Resource Conservation, Spring 2008: Deconstruction vs. Demolition
A report from the Environmental
Protection Agency estimates construction and demolition waste at roughly 164 million tons annually - this represents between 25 and 45% of the TOTAL waste stream, depending on the region. The EPA report states that about 245,000 houses in the United States are demolished every year,
creating nearly 20 million tons of debris.
According to the Building Materials Reuse Association, up to 85 percent of the average
house can be recycled or reused, but the current average is only 20-30%. Not only does this steady stream of waste clog landfills, but with the energy use due to buildings (operation and construction) estimated at nearly half of U.S. annual consumption, disposing of all of this useful, "energy-embodied" material is tragic and dangerous folly.
A growing trend is the choice for "deconstruction" or "demolition." Basically, the building (or portion thereof) is disassembled rather than demolished, and the materials are sorted and reused, both on and off site. While the upfront costs of deconstruction are generally higher than demolition, the materials are typically handled as a tax-deductible donation, which can often yield a savings to the homeowner. In addition, the deconstruction process is a more careful and clean one, which can make living near or through the process more pleasant and healthy. Furthermore, environmentally and cost conscious builders and remodelers can obtain these materials for their own projects at a steep discount. For historic home buffs, authentic materials, fixtures and fittings can lend authenticity to a project at an affordable price.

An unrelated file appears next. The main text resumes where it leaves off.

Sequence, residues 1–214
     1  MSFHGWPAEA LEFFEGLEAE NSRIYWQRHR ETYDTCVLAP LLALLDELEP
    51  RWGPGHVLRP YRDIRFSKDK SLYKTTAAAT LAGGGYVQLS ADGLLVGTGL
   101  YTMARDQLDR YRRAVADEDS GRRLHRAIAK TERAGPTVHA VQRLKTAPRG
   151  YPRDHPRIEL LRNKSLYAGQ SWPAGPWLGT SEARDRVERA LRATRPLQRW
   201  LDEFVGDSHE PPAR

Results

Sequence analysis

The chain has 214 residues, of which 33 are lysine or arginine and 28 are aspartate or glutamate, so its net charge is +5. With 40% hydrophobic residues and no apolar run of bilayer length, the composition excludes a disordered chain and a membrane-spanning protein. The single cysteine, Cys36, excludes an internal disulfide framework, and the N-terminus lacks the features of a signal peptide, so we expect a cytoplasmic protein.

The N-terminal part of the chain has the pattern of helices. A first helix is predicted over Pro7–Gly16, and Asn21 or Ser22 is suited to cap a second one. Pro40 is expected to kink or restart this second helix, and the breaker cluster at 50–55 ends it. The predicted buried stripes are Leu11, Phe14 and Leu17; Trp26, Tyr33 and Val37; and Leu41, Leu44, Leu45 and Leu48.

We'll conclude our description with a list of Bay Area deconstruction and architectural salvage companies and some links to related articles:
- Everything Old Is New Again by Stacey Freed, Remodeling Magazine, June 1, 2006
- Deconstructing the Future by Alice Bumgarner, Remodeling Magazine, March 1, 2007
- Recycling the Whole House by Kristina Shevory, New York Times Home and Garden, October 18, 2007
- Putting waste to good use by Tim Simmers, Palo Alto Daily News, March 7, 2008
- House Parts with a Pedigree by Catherine Siskos, Old House Journal
We are sorry if we appear the bearer of bad news, but we want to be "the bearer of important news." The good news is that many of these problems have accessible, affordable and pleasant solutions. Please stay tuned...
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